After it accidentally released internal builds of Windows 10 to the public last week, Microsoft got its Windows Insider Program back on track with the release of Windows 10 Insider Preview Build 16215 for PC and Preview Build 15222 for mobile devices.
Preview Build 16215 continues the trend of introducing new features instead of focusing mostly on bug fixes. That's to be expected--the Windows 10 Creators Update debuted in April, and Microsoft has only a few months to prepare the Windows 10 Fall Creators Update for its debut later this year. This build improves many aspects of Windows 10, but the stars of the show are the new Start and Action Center.
Both have been updated with elements from Fluent Design, the new design system Microsoft introduced at its Build developer conference in May. Fluent Design is based on a few principles--light, depth, motion, material, and scale--meant to help developers make apps for everything from laptops and desktops to Windows Mixed Reality devices and tablets. Start and Action Center are part of the company's move to Fluent Design.
Here's the list of changes to Start, from Microsoft's blog post:
Acrylic: If you have transparency enabled for Start, you’ll notice it’s now been updated to use the new acrylic design.Vertical resize: No more glitches at the bottom of the frame.Horizontal resize: The frame now starts resizing horizontally immediately (like vertical resize), as opposed to only “snapping” to certain widths.Diagonal resize: The frame can be resized diagonally!Resize grips: It’s now easier to “grip” the edge of the frame to start resizing.Tablet mode transition: Smoother transition into tablet mode.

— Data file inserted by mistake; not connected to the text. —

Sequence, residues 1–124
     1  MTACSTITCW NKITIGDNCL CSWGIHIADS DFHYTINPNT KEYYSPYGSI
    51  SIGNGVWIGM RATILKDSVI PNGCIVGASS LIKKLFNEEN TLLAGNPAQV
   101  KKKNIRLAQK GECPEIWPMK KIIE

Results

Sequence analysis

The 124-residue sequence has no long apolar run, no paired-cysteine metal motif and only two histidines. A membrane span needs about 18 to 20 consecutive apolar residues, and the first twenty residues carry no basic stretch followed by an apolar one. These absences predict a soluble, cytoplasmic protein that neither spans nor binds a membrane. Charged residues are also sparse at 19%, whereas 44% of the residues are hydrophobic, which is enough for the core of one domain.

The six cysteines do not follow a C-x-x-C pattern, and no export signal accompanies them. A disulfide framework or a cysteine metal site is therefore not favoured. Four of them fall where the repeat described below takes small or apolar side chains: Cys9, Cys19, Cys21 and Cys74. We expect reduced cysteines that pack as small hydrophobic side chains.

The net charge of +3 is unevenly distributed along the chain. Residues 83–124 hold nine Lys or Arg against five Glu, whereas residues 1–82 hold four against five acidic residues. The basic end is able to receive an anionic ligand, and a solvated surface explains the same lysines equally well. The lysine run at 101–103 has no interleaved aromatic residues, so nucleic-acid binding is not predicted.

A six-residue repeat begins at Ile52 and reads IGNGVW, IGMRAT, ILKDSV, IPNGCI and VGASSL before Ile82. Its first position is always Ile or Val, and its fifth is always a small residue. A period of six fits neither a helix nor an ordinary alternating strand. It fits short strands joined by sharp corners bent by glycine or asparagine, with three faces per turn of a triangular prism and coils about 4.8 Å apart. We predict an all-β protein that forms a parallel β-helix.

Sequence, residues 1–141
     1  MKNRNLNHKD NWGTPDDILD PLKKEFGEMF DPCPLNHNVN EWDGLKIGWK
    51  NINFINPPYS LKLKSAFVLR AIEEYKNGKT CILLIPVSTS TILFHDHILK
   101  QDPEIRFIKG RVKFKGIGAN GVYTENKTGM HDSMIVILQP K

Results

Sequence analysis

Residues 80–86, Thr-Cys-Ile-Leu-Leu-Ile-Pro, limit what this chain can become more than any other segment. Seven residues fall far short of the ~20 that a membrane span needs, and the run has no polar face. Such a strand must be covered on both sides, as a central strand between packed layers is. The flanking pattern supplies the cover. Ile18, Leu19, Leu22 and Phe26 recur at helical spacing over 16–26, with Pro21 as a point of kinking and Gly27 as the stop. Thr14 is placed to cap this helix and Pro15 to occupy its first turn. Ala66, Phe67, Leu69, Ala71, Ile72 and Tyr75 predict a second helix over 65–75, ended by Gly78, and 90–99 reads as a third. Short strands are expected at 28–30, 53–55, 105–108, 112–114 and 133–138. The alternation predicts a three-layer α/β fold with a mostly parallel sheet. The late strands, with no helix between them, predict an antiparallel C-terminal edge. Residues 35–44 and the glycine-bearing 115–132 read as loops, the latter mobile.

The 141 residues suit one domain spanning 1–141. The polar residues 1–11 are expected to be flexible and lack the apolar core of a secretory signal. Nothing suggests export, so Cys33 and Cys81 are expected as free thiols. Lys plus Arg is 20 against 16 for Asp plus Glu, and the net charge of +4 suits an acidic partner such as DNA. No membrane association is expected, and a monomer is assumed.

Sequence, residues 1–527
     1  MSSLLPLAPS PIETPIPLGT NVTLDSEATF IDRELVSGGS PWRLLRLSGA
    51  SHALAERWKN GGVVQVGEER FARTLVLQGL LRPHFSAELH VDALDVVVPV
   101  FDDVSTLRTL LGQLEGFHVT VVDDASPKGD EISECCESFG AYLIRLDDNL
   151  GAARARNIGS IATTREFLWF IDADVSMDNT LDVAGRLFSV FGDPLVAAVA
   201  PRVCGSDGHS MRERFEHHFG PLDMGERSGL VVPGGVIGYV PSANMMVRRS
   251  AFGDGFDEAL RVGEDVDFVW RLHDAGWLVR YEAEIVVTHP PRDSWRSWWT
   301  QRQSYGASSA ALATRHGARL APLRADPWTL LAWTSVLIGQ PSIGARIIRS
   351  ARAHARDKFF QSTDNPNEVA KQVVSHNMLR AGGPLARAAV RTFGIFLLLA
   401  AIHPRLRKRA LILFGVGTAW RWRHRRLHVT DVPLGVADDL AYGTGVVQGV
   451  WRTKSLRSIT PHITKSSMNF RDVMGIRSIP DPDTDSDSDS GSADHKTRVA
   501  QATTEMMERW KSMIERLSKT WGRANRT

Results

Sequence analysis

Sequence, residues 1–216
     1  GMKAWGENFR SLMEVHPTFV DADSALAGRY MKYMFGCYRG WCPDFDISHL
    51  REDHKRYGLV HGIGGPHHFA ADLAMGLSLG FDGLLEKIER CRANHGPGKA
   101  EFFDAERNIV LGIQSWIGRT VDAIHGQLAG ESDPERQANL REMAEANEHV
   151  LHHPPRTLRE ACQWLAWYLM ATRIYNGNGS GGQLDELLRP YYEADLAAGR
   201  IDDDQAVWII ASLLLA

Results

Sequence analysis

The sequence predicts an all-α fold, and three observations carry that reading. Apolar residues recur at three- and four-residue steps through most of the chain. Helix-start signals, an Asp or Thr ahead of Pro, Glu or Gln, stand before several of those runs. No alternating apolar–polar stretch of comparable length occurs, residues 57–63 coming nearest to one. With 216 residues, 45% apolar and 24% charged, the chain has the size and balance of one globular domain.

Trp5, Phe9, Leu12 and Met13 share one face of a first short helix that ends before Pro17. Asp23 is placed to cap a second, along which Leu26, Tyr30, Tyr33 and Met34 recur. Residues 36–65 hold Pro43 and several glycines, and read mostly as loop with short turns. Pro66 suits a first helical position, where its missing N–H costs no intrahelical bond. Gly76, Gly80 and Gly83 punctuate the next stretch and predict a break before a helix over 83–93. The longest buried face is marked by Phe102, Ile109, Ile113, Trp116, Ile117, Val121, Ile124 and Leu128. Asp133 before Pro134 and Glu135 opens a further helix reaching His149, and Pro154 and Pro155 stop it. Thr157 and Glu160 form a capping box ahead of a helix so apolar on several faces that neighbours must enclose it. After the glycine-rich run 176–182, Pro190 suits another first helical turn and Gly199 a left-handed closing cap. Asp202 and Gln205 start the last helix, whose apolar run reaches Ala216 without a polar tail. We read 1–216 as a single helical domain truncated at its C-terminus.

You can see that the new Action Center at the top of this post. In addition to the Acrylic texture, the Action Center has also been "redesigned based on your feedback to provide much clearer information separation and hierarchy," Microsoft said. The redesign isn't perfect; Microsoft said that it's already "investigating a bug where notifications in the Action Center lose their outline if acrylic falls back to having no transparency."
Preview Build 16215 has numerous other features, many of which are focused on input methods: Microsoft improved handwriting, made it easier to insert emojis via hardware keyboards, improved its on-screen keyboard, and introduced dictation features. All these improvements, much like the company's work on Fluent Design, drive home Microsoft's efforts to make Windows as hardware-agnostic as it could possibly be.
Other improvements centered on Edge, which now offers a full-screen mode, re-introduces the ability to pin your favorite sites to the Taskbar, lets you annotate books, and boasts other improvements besides. Cortana was also improved to help use vision intelligence to glean information from photos, to create event reminders based on info from your camera roll, and to collect data from stuff you circle with a pen.
There are also improvements to the Game Bar, accessibility upgrades, and more. Basically, if you signed up for the Windows Insider Program to get access to what feels like an entirely new version of Windows before everyone else, Preview Build 16215 ought to make you a happy camper. It does feature the usual known issues--this is basically a public beta, after all--but the many updates could justify dealing with a few hiccups.
Preview Build 15222 is far less exciting. Microsoft fixed a copyright date, addressed some bugs, and improved Time & Language settings. That's about it. If the restriction of the Windows 10 Creators Update to a handful of devices and the relative lack of new features debuting in older preview builds didn't convince you Windows 10 for mobile devices isn't a priority, the gap between Preview Builds 16215 and 15222 should.